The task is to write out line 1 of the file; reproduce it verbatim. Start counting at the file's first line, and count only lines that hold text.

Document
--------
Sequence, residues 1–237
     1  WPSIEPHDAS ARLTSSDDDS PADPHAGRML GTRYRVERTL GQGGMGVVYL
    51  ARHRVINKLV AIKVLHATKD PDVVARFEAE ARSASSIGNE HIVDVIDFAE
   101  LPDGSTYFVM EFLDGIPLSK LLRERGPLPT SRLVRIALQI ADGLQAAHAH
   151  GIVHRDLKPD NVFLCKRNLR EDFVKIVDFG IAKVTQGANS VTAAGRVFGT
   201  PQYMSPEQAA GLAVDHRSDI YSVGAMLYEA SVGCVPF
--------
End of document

Sequence, residues 1–237